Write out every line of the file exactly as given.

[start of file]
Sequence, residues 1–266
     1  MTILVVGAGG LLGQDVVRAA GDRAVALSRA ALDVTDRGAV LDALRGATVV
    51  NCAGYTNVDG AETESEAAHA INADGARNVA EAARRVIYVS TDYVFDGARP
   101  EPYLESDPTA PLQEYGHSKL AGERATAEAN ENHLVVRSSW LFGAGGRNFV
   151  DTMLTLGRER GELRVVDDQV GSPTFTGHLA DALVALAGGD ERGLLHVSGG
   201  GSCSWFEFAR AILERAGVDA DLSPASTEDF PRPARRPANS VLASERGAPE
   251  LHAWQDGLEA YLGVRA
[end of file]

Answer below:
Sequence, residues 1–266
     1  MTILVVGAGG LLGQDVVRAA GDRAVALSRA ALDVTDRGAV LDALRGATVV
    51  NCAGYTNVDG AETESEAAHA INADGARNVA EAARRVIYVS TDYVFDGARP
   101  EPYLESDPTA PLQEYGHSKL AGERATAEAN ENHLVVRSSW LFGAGGRNFV
   151  DTMLTLGRER GELRVVDDQV GSPTFTGHLA DALVALAGGD ERGLLHVSGG
   201  GSCSWFEFAR AILERAGVDA DLSPASTEDF PRPARRPANS VLASERGAPE
   251  LHAWQDGLEA YLGVRA